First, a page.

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Foster v. Smith

United States District Court, C.D. Illinois, Rock Island Division

March 30, 2017

CLIFFORD C. FOSTER, Petitioner,
v.
KIM SMITH, Respondent.

          ORDER

          SARA DARROW, UNITED STATES DISTRICT JUDGE

         Before the Court are Respondent's motion to dismiss Petitioner Foster's 28 U.S.C. § 2254 application, ECF No. 11, Foster's motion for status, ECF No. 15, and Foster's motion for summary judgment, ECF No. 16. For the following reasons, the motion to dismiss is GRANTED and Foster's petition DISMISSED. The other motions are MOOT. In addition, a certificate of appealability shall not issue.

         BACKGROUND[1]

         Foster was convicted in 2004, in Bureau County, Illinois, of predatory criminal sexual assault of a child. He was sentenced by the Illinois circuit court to a term of fourteen years and two months of incarceration.[2] The judgment was affirmed by the Appellate Court of Illinois, and on November 29, 2007, the Illinois Supreme Court denied Foster's petition for leave to appeal. Foster never petitioned the United States Supreme Court for a writ of certiorari.

         On September 24, 2008, Foster filed a petition for postconviction relief in Illinois circuit court. The next day, September 25, 2008, the court denied the petition. Foster did not appeal this denial.

         Foster once tried to file a successive postconviction petition in Illinois court. He did so on June 14, 2013, and was denied leave. This judgment was affirmed on appeal.

         He filed his instant and first federal petition for postconviction relief pursuant to 28 U.S.C. § 2254 in this Court on April 11, 2016. ECF No. 1. Respondent, after being directed to respond, did so in the form of a motion to dismiss on June 17, 2016.

         DISCUSSION

         I. Legal Standard on a Petition for Issuance of Writ of Habeas Corpus Pursuant to 28 U.S.C. § 2254

         District courts may entertain applications for the writ of habeas corpus by persons in custody of a State in violation of the Constitution. 28 U.S.C. § 2254(a). The writ shall not issue to a person in custody pursuant to the judgment of a State court unless it appears that the applicant has exhausted his available remedies in the State's courts, there is an absence of corrective process available from the State, or circumstances render that process ineffective to protect the applicant's rights. Id. § 2254(b)(1). The Antiterrorism and Effective Death Penalty Act of 1996 (“AEDPA”) established a 1-year time period in which a state prisoner may file a federal habeas petition, running from the latest of:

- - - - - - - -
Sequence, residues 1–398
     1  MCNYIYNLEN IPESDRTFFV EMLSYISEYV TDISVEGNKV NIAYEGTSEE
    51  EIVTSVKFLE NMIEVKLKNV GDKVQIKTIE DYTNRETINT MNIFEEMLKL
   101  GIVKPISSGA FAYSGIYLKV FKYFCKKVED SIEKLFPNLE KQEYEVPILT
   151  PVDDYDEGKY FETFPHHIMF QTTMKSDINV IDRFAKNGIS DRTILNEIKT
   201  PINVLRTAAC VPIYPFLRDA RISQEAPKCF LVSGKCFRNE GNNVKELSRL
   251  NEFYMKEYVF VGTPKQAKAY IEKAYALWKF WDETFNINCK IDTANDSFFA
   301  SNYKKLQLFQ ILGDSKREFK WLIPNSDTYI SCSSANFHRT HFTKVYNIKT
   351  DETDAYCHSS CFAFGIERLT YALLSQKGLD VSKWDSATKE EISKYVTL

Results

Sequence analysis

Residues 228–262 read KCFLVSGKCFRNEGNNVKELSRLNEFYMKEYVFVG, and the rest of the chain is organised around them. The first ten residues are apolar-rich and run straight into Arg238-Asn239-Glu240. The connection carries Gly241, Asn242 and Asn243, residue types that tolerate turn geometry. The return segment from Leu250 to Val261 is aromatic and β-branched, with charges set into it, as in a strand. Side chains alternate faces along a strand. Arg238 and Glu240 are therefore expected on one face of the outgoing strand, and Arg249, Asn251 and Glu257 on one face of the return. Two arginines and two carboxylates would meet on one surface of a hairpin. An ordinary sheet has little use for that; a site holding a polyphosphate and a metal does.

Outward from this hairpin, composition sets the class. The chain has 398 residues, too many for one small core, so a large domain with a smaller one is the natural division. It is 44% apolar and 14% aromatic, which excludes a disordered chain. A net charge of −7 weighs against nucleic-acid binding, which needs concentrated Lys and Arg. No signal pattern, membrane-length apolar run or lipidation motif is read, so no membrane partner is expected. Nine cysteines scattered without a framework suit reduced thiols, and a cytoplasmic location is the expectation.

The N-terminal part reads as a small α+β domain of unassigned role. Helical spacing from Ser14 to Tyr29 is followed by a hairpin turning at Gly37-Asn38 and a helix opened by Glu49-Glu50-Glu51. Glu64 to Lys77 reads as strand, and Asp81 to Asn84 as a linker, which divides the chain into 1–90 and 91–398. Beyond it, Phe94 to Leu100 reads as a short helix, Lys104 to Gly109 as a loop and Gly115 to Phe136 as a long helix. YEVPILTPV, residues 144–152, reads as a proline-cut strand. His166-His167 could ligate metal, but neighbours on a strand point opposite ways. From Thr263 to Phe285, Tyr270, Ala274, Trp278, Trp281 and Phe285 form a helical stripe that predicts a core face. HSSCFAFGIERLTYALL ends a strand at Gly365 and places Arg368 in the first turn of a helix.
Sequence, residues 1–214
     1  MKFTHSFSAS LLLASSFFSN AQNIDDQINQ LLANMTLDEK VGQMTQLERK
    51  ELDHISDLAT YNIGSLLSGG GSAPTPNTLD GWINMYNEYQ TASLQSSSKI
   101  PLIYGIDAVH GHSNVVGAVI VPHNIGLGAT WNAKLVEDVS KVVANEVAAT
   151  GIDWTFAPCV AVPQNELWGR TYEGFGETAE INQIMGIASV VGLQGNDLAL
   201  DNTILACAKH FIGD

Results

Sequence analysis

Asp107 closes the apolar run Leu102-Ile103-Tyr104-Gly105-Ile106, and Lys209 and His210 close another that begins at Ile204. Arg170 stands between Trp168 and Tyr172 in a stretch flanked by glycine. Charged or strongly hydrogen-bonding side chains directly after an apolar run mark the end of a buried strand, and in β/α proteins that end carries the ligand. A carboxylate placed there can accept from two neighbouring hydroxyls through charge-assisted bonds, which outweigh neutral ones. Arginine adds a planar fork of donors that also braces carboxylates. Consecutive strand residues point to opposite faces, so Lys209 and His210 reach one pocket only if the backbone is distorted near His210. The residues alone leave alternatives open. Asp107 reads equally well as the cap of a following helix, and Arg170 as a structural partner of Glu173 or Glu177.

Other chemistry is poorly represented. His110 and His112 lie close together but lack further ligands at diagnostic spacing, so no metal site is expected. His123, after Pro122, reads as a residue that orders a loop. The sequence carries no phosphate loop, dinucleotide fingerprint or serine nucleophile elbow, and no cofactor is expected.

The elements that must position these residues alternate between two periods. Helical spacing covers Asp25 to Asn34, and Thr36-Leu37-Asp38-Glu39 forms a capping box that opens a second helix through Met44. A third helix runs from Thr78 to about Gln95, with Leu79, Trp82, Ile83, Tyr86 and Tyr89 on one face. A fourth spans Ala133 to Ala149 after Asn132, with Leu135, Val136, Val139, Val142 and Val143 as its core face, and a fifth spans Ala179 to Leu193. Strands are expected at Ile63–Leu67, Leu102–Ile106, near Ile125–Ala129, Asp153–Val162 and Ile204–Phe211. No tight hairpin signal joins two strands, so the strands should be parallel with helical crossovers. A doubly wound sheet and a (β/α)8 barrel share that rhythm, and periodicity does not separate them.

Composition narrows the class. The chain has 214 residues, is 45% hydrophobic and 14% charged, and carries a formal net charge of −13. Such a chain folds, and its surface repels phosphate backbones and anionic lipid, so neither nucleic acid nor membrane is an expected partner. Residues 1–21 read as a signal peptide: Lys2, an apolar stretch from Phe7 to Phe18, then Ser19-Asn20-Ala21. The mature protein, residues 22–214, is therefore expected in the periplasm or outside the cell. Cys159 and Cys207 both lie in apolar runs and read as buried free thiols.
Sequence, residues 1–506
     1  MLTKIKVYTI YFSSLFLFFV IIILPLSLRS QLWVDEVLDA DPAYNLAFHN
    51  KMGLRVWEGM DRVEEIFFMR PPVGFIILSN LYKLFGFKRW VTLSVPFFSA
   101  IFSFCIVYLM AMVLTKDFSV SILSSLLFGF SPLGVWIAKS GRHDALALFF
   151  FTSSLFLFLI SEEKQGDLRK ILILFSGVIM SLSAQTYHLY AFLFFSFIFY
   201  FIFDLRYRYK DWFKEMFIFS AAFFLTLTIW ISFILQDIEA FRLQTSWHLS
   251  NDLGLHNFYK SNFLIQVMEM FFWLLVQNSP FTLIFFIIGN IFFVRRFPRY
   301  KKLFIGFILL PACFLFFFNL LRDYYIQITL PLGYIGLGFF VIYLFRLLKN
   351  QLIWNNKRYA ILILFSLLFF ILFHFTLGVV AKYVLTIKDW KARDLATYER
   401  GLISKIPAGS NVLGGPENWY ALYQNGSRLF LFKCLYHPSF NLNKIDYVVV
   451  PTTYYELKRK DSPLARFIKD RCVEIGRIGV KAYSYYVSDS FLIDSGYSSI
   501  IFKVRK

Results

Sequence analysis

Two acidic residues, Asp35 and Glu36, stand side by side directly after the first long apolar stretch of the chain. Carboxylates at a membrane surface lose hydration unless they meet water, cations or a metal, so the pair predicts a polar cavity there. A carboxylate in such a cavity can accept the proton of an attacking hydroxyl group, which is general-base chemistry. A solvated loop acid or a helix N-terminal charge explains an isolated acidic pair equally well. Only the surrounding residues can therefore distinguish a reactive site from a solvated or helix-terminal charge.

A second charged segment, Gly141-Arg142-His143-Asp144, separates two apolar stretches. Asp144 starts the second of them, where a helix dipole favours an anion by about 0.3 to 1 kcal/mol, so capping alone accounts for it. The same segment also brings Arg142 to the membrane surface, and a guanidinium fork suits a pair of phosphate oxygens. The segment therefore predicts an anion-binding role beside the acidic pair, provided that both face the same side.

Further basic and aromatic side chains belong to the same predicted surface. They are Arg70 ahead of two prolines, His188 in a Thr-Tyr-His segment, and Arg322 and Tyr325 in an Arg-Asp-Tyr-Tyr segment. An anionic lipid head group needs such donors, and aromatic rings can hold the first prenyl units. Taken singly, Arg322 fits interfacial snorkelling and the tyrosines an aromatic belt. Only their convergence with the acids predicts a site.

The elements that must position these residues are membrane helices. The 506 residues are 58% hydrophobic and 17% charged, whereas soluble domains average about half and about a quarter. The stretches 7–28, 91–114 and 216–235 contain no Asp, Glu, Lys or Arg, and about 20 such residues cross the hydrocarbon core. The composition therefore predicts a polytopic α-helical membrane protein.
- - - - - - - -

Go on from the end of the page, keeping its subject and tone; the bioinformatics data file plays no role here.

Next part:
(A) the date on which the judgment became final by the conclusion of direct review or the expiration of the time for seeking such review;
(B) the date on which the impediment to filing an application created by State action in violation of the Constitution or laws of the United States is removed, if the applicant was prevented from filing by such State action;
(C) the date on which the constitutional right asserted was initially recognized by the Supreme Court, if the right has been newly recognized by the Supreme Court and made retroactively applicable to cases on collateral review; or
(D) the date on which the factual predicate of the claim or claims presented could have been discovered through the ...

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